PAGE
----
Arlene’s Flowers v. Washington began as a lawsuit filed by a gay couple – Robert Ingersoll and Curt Freed – against Arlene’s Flowers.
The Washington Supreme Court today unanimously reaffirmed its February 2017 ruling that a Richland, WA, florist had violated the Washington Law Against Discrimination (WLAD) when she refused to sell flowers to a same-sex couple for their wedding. The U.S. Supreme Court last year vacated that 2017 ruling and ordered the case sent back to the Washington court for reconsideration in light of its narrow ruling in Masterpiece Cakeshop v. Colorado Human Rights Commission finding in favor of a Colorado baker who refused to sell a wedding cake to a same-sex couple. Jennifer C. Pizer, Director of Law and Policy for Lambda Legal, issued the following statement:
“The Washington Supreme Court today again confirmed a simple principle: our precious freedoms of religion and speech do not give businesses a license to discriminate against LGBT people. As important, the Court also did a careful review and rejected the assertion that there was anti-religious bias in the state courts’ consideration of the lawsuit. The florist in this action – Arlene’s Flowers, Inc. v. Washington – had no plausible basis for claiming there was hostility to her religious beliefs among those deciding her case.
“Lawyers for Arlene’s Flowers’ owner, Baronelle Stutzman, had pressed a series of extreme arguments to justify Stutzman’s request for a license to discriminate against same-sex couples. The Washington Supreme Court today reaffirmed its thorough, forceful rejection of every one of these arguments.
“We are thrilled that the court has so clearly and emphatically rebuffed this florist’s attorneys’ attempts to justify discrimination and congratulate the ACLU and Washington State Attorney General Bob Ferguson on this important victory.”
From today’s ruling:
“Stutzman contends that there is no reason to enforce the WLAD when, as she puts it, "[N]o access problem exists." We emphatically reject this argument. We agree with Ingersoll and Freed that ‘[this case is no more about access to flowers than civil rights cases in the 1960s were about access to sandwiches.’ As every other court to address the question has concluded, public accommodations laws do not simply guarantee access to goods or services. Instead, they serve a broader societal purpose: eradicating barriers to the equal treatment of all citizens in the commercial marketplace. Were we to carve out a patchwork of exceptions for ostensibly justified discrimination, that purpose would be fatally undermined.”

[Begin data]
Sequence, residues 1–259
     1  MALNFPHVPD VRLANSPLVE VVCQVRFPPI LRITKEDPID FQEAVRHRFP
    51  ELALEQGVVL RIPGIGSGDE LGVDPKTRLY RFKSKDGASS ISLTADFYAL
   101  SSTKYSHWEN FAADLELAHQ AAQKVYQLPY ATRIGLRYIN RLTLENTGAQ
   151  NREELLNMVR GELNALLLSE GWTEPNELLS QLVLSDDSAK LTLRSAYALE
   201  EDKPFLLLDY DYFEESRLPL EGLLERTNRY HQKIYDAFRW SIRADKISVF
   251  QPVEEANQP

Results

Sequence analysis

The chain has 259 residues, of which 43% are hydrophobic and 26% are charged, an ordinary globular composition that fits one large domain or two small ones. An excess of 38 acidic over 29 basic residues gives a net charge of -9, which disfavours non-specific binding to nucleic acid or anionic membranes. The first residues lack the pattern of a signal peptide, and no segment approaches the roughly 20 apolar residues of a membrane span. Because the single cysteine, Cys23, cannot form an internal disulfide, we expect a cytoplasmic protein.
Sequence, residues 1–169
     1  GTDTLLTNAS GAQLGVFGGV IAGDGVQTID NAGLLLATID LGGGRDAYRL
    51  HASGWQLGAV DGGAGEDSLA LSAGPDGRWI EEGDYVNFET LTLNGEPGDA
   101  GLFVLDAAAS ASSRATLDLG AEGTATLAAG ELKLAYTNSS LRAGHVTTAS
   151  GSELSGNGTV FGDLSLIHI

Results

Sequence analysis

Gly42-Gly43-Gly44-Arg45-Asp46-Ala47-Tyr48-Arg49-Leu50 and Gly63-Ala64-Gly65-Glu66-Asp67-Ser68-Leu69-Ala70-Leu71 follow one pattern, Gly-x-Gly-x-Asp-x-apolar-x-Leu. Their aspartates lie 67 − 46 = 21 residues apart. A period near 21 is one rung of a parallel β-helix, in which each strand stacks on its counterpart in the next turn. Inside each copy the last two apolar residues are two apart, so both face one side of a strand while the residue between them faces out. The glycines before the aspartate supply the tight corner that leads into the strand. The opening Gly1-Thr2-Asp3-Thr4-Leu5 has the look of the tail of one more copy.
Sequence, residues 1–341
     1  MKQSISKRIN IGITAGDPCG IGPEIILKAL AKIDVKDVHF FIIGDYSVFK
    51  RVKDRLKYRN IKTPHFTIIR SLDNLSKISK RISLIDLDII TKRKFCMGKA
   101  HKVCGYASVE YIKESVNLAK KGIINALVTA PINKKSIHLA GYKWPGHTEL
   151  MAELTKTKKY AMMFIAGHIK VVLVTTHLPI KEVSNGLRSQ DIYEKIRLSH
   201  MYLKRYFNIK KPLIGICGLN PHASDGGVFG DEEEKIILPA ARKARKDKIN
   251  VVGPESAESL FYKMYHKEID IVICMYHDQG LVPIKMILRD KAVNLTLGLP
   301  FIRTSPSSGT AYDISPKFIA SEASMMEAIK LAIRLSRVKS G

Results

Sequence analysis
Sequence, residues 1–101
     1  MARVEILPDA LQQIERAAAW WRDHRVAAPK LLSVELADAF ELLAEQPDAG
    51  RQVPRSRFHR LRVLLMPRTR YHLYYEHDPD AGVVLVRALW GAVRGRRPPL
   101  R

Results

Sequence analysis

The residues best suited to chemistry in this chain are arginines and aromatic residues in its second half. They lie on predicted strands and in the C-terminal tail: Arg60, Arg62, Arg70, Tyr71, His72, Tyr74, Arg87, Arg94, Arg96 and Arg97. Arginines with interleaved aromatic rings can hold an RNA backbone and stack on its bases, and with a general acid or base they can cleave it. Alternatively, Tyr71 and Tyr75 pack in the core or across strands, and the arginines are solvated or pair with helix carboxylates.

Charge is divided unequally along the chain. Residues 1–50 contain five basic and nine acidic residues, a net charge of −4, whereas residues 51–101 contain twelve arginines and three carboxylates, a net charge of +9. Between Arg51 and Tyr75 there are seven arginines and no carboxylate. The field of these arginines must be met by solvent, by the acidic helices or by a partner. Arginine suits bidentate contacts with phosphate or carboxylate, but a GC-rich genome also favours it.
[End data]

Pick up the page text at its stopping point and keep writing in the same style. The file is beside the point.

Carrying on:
Arlene’s Flowers v. Washington began as a lawsuit filed by a gay couple – Robert Ingersoll and Curt Freed – against Arlene’s Flowers after the owner, Baronelle Stutzman, refused to create floral arrangements for their wedding. The State of Washington followed with its own lawsuit against the business charging it with violating the Washington Consumer Protection Act. And, in a third lawsuit, Stutzman filed her own lawsuit against Washington Attorney General Bob Ferguson. The cases were consolidated into Arlene’s Flowers v. Washington.
Lambda Legal submitted a friend-of-the-court brief to the Washington Supreme Court in the original case, in 2017, along with co-counsel Dan Shih and Lindsey Godfrey Eccles of the Susman Godfrey LLP law firm. Disability Rights Washington, El Centro de la Raza, National Asian Pacific American Bar Association, PFLAG Seattle, Pride Foundation, QLaw Association of Washington, South Asian Bar Association of Washington and Washington Women Lawyers joined the brief.
Read the Court’s decision HERE:
Read Lambda Legal’s friend-of-the-court brief HERE.